This puts a damper on our preferred methods of transportation: the scooter and bike, because by the time we get off work to run errands or go out, it just happens to be the hottest time of the day.
I'm wandering into whining territory though. The point of this post is to share a lesson we've learned from living in the oven that is an Arizona summer: when it's hot (over 100), go slow.
I noticed the other day when I was riding to my barbershop on our scooter, I actually felt cooler when stopping at a traffic light, which was odd. I should be feeling hotter when I'm stopped, because there's no wind, right? But something weird and terrible happens when the outside temperature gets higher than your body's temperature. The wonderful wind that typically cools you down, and makes the summer heat more bearable, changes. It is a bad change. The breeze generated by flying 50+ mph on a scooter turns the already oppressive heat into a kind of evil convection oven, heating your body temperature up even faster than normal. When it's really hot, your usual welcome friend, the wind, becomes your enemy. It actually gets kind of dangerous, too, since you're already wearing a helmet (well, at least I am, since I value the contents of my skull), which is like a plastic blanket on your noggin, and any drastic increase to your brain's temperature is a bad idea.
So, what are we to do? Just drive everywhere during the summer months? Sadly, I've noticed that we do drive a lot more simply because it's so nice to blast the AC and ride around in an icebox on wheels. But comments in Mr. Money Mustache's recent bicycle post motivated me to ride the bicycle more often, since it's the best & healthiest way to travel. And I noticed something cool: when you're biking, you're going slow enough to not generate the convection oven effect. While it takes a little longer to get somewhere, the ride is more bearable. You don't heat up to dangerous, disorienting levels. (My wife and I both contend though that after a certain distance, say, six or eight miles, all the extra time spent on the bike makes the scooter seem more attractive, if only because you're not subjecting yourself to the sun's rays so long and inviting skin cancer.)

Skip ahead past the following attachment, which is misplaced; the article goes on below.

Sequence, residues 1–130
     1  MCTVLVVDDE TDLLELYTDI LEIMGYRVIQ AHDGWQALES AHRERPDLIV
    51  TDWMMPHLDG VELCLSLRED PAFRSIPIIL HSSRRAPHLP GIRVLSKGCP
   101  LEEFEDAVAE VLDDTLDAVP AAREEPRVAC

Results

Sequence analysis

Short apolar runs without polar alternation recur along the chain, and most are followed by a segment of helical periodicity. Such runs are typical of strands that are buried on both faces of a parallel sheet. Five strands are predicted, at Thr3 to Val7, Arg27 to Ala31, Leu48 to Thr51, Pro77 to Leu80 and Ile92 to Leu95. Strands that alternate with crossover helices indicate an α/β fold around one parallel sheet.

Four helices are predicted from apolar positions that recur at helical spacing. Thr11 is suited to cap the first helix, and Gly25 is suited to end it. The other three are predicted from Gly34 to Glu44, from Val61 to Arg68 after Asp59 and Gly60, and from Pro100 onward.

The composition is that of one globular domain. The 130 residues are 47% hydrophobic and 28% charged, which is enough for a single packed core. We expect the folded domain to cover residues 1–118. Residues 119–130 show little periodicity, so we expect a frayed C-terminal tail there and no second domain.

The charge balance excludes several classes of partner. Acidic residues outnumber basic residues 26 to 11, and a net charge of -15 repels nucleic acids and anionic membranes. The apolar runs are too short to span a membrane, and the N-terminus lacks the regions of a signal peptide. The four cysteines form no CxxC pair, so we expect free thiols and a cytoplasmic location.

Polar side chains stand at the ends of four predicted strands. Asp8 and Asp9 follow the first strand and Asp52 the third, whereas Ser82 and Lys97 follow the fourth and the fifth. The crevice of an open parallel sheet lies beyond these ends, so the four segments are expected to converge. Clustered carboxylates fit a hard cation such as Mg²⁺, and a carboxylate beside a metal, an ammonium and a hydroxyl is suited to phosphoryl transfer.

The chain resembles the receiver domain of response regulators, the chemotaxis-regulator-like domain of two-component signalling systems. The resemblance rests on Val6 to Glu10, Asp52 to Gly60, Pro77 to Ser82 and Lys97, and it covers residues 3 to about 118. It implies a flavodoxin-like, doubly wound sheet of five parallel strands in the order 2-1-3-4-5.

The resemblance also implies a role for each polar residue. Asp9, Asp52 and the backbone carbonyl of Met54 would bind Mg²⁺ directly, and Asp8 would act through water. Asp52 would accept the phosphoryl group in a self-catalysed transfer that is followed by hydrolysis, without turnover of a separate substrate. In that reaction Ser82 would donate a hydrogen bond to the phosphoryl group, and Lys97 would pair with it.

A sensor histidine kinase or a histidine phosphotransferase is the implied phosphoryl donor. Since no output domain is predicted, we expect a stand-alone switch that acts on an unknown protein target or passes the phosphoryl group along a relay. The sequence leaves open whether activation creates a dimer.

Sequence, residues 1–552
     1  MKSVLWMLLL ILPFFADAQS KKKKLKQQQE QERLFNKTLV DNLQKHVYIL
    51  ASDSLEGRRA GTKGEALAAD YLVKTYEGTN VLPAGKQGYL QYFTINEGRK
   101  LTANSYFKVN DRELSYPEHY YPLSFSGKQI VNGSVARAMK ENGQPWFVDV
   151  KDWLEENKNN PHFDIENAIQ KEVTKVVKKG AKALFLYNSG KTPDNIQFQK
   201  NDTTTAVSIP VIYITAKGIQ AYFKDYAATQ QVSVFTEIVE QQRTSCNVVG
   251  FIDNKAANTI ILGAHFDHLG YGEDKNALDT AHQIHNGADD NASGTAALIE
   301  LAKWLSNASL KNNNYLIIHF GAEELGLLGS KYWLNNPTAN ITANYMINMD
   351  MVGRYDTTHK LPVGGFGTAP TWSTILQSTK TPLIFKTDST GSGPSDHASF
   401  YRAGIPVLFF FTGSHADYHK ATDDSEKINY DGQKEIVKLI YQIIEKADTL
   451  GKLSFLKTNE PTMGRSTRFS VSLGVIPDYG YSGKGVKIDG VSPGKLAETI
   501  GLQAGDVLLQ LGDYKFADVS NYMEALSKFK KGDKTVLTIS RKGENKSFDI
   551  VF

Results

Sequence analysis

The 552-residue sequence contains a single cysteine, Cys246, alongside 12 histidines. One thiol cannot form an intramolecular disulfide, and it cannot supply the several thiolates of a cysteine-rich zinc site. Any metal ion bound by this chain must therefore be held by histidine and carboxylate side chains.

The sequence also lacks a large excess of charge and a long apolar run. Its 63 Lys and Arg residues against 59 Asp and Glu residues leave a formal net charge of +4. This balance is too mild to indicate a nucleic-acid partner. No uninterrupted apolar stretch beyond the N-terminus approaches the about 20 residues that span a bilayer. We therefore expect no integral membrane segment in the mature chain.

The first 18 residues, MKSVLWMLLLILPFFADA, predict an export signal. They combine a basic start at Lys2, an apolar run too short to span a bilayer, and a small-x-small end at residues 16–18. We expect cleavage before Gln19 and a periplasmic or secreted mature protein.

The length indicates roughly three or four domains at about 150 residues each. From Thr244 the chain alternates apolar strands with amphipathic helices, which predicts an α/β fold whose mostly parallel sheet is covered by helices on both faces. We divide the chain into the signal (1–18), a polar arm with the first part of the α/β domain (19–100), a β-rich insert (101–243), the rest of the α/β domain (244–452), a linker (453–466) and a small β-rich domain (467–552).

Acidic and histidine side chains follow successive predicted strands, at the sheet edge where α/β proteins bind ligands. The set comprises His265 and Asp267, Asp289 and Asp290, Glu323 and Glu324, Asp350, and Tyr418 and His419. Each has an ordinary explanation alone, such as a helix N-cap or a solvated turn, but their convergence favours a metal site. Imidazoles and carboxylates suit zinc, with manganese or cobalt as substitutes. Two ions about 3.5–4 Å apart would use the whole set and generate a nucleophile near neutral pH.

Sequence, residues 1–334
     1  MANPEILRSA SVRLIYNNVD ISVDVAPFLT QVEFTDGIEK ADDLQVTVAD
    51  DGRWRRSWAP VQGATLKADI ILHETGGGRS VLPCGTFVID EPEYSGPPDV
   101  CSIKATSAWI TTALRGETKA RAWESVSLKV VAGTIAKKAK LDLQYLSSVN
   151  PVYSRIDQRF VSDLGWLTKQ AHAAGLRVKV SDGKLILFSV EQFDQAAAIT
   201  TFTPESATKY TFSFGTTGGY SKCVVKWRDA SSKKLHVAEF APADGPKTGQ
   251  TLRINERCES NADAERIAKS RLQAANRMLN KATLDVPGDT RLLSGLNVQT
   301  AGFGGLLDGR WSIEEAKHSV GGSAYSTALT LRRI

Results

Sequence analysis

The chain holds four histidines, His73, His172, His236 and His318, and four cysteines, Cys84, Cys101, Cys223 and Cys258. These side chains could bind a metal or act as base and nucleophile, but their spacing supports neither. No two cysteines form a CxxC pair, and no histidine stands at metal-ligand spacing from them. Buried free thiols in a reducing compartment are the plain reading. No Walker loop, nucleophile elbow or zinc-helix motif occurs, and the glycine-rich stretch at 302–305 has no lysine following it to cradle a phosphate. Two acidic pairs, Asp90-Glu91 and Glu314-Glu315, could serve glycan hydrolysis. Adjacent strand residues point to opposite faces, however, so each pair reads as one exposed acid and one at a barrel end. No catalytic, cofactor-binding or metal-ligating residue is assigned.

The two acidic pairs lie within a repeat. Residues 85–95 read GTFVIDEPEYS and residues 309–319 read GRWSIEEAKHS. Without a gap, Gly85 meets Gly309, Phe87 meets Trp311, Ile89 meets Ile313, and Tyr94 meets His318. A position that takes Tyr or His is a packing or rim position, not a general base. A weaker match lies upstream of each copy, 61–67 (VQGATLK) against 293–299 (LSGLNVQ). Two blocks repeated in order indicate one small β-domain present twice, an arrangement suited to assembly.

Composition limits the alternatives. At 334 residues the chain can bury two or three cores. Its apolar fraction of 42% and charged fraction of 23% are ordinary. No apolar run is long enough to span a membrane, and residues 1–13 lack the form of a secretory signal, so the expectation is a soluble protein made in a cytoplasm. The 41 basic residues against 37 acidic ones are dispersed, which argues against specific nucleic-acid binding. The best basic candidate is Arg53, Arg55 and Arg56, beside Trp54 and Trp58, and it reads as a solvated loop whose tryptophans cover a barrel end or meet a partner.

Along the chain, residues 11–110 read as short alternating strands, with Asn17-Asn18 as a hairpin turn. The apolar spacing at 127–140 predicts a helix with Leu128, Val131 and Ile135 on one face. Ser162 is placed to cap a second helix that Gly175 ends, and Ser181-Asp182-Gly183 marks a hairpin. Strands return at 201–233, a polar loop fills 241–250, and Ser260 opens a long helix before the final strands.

Here are some other desert biking tips we've found help us:
- Timing is everything. Leave very early in the morning or after sunset if possible, as the heat isn't nearly as bad.
- Carry nalgene bottles with ice water in your backpack. Not only do you have lots of water to drink, but you also have something cool resting on your back.
- Go at a leisurely pace. Biking fast not only creates some of that undesirable wind, but also naturally raises your internal temperature from exertion.
- Soak your t-shirt in water before going out on your bike ride. (I got this tip from Jimbo in the MMM comments -- thanks!) The wet shirt helps tremendously and typically you are bone dry by the time you arrive at your destination. (And if you're brave and shameless, like me, you can use a public restroom at your destination to soak it again before you head home. Caution: you will occasionally be caught and mistaken for a shirtless vagrant doing his laundry in the sink, if you do this enough.)
- Use sunscreen -- a lot of sunscreen. Whether on a motorcycle, scooter, bike, or on foot, apply sunscreen to your face and other exposed areas before going outside. If possible, cover up with a light long sleeve shirt and a hat, too. Sunshine is awesome and so is using smart forms of transportation. But be smart about it and protect yourself.
Thanks for reading and enjoy the summer!
Photo by YLev at Flickr Creative Commons.